Ratings, debt deal boost CBS stock

Broadcast 'leader' posts a 52-week high for shares

How CBS' scheduling gambles are paying off

NEW YORK -- CBS' fall ratings trends are delighting Wall Street as well as Eye network executives.

Cases in point from recent days: several bullish reports from analysts and a 52-week high for shares. The company's stock closed down slightly Thursday at $16.98 but was near a 52-week high of $17.42 set this week.

"CBS stock has been appreciating as its broadcast network has been the leader in the new TV season," Miller Tabak analyst David Joyce said Thursday, reiterating his "buy" rating and raising his price target on the stock from $18 to $21. "CBS has not canceled any new shows this season as its peers have, so there is less risk of using ad inventory for make-goods."

CEO Leslie Moonves recently sounded bullish notes on advertising trends going into next year, and Davenport & Co. analyst Michael Morris believes the early fall-season trends could provide more help.

"Solid early ratings have CBS well-positioned should the scatter market tighten," he said in boosting his 2011 network ad-growth forecast from 3% to 5%. That would be a $85 million benefit to the company's bottom line, he calculated. He has a $20 target and "buy" rating on the stock.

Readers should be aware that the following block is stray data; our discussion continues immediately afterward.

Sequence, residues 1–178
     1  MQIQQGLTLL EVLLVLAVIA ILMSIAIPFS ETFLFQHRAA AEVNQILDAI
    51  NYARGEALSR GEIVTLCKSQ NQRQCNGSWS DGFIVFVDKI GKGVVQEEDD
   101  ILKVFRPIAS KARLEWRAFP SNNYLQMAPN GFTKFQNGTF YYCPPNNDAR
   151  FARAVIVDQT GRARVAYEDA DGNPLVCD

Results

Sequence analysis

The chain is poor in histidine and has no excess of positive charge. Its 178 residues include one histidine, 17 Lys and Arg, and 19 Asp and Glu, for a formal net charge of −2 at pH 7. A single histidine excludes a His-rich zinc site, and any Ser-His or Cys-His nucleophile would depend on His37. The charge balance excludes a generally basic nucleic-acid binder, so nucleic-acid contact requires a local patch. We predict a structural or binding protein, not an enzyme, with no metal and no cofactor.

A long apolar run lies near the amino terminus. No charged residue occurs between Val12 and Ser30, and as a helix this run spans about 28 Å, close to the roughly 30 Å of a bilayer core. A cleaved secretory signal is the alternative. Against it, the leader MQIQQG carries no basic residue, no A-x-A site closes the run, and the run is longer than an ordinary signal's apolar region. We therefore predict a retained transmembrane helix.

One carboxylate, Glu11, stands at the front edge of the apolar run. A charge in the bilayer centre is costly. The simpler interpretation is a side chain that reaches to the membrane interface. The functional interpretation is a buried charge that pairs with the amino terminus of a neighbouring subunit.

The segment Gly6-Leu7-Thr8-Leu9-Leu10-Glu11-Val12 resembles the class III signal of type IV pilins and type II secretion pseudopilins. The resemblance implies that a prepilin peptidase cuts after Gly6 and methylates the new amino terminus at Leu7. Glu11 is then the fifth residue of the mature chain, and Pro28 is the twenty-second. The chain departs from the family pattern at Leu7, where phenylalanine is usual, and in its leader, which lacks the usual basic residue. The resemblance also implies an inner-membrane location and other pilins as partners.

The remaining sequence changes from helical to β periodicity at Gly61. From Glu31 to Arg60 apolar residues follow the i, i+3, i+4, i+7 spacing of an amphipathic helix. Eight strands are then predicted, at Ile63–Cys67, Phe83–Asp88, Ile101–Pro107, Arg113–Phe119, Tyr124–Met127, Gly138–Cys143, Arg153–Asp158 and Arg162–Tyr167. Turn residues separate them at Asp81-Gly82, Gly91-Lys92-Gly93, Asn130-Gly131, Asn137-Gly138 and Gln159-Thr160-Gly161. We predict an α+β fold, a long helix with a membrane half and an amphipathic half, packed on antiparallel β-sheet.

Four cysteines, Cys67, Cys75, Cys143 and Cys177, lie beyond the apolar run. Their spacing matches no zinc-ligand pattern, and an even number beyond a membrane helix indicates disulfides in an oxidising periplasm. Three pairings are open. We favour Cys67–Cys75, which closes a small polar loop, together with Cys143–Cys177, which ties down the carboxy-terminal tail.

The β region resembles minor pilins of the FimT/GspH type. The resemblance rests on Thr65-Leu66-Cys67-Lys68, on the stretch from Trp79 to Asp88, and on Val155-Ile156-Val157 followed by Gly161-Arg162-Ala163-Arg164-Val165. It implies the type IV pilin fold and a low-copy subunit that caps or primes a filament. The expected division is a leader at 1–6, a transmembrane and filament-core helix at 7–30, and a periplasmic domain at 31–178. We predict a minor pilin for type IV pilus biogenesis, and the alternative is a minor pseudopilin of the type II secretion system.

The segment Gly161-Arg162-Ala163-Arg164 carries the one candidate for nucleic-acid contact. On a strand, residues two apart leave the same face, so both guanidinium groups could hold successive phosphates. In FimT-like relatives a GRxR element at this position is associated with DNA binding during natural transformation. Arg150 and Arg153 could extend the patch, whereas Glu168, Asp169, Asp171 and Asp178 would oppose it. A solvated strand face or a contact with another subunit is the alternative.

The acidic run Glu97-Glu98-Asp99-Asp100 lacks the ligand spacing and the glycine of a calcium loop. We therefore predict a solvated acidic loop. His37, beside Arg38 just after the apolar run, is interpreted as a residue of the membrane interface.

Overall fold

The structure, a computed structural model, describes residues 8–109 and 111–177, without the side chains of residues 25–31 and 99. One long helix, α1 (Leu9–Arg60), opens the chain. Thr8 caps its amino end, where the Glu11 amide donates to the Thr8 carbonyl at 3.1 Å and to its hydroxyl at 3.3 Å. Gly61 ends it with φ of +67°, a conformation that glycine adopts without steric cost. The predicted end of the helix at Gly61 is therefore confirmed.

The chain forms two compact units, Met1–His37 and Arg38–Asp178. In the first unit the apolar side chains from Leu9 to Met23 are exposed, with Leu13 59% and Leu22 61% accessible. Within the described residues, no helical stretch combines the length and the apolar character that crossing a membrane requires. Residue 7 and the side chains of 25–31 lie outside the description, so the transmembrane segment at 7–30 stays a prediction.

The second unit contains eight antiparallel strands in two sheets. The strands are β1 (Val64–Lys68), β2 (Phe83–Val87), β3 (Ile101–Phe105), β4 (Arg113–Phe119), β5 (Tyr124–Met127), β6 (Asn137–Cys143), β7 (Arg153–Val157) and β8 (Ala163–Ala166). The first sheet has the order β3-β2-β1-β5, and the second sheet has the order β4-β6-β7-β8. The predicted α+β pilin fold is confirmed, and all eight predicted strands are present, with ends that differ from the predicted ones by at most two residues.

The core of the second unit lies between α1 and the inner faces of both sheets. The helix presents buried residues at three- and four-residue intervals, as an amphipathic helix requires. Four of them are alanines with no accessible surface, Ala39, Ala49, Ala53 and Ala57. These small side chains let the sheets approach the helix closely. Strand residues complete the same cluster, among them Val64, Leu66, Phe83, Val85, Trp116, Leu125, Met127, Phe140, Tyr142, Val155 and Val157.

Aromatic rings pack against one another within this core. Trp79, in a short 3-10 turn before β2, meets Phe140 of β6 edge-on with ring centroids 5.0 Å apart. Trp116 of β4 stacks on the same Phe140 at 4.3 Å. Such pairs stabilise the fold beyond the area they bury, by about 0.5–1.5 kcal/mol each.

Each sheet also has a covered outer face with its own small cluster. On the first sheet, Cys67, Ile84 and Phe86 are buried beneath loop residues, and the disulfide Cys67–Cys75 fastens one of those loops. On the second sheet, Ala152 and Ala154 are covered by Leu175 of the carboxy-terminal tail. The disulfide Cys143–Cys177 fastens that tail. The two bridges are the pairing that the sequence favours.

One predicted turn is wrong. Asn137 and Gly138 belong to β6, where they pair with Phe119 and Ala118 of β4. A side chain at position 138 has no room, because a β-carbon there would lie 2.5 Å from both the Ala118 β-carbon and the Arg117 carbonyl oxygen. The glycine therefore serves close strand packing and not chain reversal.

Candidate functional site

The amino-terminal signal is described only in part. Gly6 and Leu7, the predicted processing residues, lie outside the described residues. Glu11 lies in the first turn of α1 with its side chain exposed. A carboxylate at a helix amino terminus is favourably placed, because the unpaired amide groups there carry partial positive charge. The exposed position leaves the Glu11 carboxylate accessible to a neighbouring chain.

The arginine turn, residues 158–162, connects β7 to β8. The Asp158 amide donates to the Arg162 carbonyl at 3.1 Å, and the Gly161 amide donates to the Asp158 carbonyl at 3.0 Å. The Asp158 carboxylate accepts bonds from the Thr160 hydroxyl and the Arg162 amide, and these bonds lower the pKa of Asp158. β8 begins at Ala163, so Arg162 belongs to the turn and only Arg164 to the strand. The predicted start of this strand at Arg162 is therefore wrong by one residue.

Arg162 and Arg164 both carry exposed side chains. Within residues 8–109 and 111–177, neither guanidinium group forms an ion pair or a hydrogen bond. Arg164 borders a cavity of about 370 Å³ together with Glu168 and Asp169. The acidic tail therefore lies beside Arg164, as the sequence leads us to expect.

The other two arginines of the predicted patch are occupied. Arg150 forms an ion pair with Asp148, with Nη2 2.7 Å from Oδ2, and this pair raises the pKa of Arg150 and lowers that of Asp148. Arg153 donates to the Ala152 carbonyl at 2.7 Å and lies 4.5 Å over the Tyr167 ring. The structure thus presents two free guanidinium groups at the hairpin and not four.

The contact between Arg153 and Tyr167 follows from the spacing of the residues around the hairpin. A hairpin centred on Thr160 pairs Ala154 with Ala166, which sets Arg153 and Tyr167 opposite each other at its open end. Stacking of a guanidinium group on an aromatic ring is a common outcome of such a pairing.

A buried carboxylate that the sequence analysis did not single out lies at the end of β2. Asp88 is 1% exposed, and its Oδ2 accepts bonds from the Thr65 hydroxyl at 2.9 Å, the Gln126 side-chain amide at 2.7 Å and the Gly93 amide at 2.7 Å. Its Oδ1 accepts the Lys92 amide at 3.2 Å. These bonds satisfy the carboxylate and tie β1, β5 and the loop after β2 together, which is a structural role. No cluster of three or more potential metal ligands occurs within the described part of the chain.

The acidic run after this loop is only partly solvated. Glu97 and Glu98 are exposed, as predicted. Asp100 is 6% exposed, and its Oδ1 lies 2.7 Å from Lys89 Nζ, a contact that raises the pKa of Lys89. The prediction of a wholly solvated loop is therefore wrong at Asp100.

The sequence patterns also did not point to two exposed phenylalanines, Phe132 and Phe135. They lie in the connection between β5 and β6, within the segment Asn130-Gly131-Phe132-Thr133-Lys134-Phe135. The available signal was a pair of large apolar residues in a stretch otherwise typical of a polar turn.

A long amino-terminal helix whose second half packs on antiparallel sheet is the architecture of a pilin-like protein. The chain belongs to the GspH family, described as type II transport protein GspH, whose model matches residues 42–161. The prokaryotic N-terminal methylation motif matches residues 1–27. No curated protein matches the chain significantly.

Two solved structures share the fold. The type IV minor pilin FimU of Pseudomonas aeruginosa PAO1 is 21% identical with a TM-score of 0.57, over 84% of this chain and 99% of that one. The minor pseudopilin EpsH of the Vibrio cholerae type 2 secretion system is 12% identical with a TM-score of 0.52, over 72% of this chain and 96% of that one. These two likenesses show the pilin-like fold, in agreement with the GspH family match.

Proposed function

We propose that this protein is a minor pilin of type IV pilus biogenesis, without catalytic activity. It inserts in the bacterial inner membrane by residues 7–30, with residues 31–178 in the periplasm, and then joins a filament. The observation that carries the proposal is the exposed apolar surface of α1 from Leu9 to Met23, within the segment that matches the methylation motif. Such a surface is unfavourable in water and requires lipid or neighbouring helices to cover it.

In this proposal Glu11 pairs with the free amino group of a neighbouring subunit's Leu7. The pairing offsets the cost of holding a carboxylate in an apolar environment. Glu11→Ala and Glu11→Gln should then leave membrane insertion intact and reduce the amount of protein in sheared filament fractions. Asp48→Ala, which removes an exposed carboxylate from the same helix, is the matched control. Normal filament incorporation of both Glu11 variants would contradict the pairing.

Morris suggested that Disney's ABC and News Corp.'s Fox might have to deliver make-goods to advertisers if ratings continue to trend below last season, which could benefit CBS and NBC. He also mentioned Time Warner, Discovery Communications and Scripps Networks as likely beneficiaries.

CBS Corp.'s recent refinancing of debt at lower rates is seen as another positive for investors. It could lead to a dividend increase or stock buybacks down the line, Wall Street observers suggest.

Nomura analyst Michael Nathanson this week launched his sector stock coverage with a "buy" rating and $22 target on shares.

"We see an emerging bull case for broadcast network owners like the CBS network, once seemingly inconceivable," he said. "The economics of broadcast TV are improving as retransmission fees are beginning to flow in, DVR usage adds incremental viewing and international program sales of first-run content is lifting production profitability."
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